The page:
Many of the wilderness areas only offer “lodge type” guests, but there are some wilderness areas which have camping facilities.
In my case I have a very reliable and capable Toyota Land Cruiser 200 Series 4×4 equipped with 2x 52Ltr fridge/freezers, 2x 100 AmpHr deep-cycle auxiliary batteries which are controlled by a C-Teck 250 S battery management system which operates in conjunction with a solar panel mounted permanently to the roof of the vehicle ensuring that the batteries are trickle-charged throughout daylight hours, regardless of being stationary or mobile. The vehicle also is fitted with an Inverter which generates 220 Volt electrical power for charging batteries.
The vehicle is also equipped with an after market front bumper/bull-bar plus a 9,000 Lbs winch, Hankook DynaPro off-road tyres and a twin wheel-rack mounted at the rear with two spare wheels as well as the standard spare wheel supplied with the vehicle.
I pull an Afrispoor – Cheetah (EEZY Camper) trailer which is fitted with a full double bed, twin plated LPG gas stove, 80 Ltr Fridge/Freezer, hot water geyser, hot/cold shower, water pump, 100 Ltr fresh water tank, 2x 6 Kilos LPG gas, 2x 20 Ltr spare diesel jerry cans, 4x setting cutlery, crockery, pots/pans knives etc… water and wine glasses, small bar with oxygenated water/soda and spare for a few bottles of happiness.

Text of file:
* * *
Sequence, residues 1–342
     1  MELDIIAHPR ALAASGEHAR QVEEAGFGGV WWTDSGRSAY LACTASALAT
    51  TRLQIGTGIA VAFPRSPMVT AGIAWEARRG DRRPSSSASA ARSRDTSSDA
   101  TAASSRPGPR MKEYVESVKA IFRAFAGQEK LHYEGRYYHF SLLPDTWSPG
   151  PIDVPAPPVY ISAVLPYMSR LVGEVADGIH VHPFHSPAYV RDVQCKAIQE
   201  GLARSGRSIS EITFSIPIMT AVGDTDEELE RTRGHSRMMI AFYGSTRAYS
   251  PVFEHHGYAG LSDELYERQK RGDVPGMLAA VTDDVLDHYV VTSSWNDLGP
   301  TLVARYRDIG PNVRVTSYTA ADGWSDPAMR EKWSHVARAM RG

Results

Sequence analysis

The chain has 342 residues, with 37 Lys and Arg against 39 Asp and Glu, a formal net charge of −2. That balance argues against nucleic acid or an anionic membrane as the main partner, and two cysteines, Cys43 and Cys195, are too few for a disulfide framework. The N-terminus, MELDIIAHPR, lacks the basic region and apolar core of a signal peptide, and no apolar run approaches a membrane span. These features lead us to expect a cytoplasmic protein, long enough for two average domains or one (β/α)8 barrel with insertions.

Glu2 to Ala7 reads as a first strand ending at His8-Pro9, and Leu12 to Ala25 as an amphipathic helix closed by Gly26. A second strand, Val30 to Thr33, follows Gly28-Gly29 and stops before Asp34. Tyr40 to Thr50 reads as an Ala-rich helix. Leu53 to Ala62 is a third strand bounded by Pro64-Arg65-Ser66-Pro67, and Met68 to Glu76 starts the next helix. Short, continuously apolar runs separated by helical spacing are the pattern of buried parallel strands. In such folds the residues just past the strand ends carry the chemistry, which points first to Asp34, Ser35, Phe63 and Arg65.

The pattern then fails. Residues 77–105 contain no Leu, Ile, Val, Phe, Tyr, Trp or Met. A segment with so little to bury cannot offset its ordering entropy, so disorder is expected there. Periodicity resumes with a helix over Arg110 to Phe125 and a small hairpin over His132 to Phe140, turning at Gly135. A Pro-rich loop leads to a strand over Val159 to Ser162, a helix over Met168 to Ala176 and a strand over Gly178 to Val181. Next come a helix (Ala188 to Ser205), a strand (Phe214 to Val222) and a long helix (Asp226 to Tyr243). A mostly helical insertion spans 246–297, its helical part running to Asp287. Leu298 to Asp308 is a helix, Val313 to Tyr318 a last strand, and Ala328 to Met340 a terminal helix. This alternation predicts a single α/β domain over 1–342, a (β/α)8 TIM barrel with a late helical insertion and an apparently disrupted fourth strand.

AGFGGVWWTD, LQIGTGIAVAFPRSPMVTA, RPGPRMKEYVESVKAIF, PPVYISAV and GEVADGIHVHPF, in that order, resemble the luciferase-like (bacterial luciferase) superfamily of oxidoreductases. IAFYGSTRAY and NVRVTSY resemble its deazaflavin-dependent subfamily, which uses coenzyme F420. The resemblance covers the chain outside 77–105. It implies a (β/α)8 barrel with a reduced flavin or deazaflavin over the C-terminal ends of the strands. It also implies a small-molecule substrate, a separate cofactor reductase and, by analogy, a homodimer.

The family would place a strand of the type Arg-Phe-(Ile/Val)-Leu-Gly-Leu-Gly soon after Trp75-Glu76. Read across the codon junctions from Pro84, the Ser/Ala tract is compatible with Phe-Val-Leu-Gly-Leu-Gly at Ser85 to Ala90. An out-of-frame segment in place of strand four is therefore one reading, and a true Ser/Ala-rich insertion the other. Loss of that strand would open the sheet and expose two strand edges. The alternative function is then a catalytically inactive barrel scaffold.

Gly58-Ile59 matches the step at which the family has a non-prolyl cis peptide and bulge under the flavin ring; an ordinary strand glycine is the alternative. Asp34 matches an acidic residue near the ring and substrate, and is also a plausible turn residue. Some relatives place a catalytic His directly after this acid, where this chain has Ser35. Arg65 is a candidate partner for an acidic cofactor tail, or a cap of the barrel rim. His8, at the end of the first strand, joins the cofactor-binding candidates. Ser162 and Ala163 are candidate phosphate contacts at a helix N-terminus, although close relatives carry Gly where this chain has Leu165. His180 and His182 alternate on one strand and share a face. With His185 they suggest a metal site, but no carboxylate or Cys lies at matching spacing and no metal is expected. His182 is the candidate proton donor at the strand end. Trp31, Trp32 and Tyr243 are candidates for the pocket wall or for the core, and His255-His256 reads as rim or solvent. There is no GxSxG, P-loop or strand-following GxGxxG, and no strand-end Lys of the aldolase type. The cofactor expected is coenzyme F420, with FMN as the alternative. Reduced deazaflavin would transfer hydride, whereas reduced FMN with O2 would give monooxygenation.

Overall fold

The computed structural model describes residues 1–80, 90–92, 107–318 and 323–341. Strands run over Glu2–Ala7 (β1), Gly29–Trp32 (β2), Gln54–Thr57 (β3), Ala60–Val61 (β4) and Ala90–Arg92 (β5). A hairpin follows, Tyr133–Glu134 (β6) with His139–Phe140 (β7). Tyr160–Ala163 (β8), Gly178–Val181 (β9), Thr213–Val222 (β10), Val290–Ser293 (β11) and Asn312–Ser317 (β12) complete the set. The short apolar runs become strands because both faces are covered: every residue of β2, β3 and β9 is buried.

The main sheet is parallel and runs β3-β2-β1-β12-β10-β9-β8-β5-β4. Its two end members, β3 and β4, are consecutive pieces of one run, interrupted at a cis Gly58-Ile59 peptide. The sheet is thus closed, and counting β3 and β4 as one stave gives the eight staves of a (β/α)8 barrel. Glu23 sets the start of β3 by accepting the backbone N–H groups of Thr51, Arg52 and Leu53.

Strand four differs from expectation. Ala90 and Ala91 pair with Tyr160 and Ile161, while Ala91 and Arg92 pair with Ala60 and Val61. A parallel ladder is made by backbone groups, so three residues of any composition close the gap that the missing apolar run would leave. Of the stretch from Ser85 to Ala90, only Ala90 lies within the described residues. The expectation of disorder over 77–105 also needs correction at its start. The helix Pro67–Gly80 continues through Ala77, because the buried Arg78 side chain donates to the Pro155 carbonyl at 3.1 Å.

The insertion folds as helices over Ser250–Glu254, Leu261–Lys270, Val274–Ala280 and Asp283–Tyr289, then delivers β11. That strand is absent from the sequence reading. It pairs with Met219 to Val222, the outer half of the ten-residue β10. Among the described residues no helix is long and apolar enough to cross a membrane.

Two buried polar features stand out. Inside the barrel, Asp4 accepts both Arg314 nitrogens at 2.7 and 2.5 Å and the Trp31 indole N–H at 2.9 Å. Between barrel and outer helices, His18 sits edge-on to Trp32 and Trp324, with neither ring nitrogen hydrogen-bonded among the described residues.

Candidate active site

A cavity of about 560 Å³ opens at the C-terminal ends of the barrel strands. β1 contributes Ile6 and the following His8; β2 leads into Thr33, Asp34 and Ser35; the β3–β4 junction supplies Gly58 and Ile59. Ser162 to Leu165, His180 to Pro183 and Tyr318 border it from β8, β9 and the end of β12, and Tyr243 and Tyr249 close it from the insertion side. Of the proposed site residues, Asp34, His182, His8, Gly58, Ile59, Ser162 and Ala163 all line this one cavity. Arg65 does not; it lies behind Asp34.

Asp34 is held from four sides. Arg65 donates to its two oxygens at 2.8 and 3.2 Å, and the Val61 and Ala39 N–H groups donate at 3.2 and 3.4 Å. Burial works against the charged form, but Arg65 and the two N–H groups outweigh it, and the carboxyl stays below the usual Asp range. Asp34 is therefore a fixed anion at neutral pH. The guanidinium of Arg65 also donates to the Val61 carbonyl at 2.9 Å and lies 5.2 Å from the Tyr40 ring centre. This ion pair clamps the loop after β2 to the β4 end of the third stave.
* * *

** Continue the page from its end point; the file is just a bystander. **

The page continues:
The trailer has AC/DC electrical facilities and 2x 140 AmpHr Deep-cycle batteries and 2x Solar panels.
The trailer carries a spare wheel and ALL wheels on the vehicle, trailer and spare wheels are identical and interchangeable.
Driving around Sub-Saharan Africa
(We have camped in all the above-mentioned areas) requires a driver to understand some basic common-sense rules of the road.
- Animals always have the right of way.
- Never drive after dark on open African roads. Animals are NOT easily seen at night, seek the warmth of a road and tend to stand / lie on the roads, which can be detrimental to anyone’s safety, should you ever hit one!
- As one progresses deeper into rural and wilderness areas, the fuel stops become further apart and are NOT always assured of even having fuel to sell. I top up with fuel when we find it so we never get to a fuel stop with a totally empty tank!
- I travel with 2x GPS units. One loaded with Trax4Africa which is excellent for off-the-beaten path navigation and the second with “Street Maps” loaded. In addition, when cell phone signal is available (Surprisingly, Sub-Saharan Africa does have generally rather good connectivity….) we tend to also use the “Google Maps” App to check on ourselves.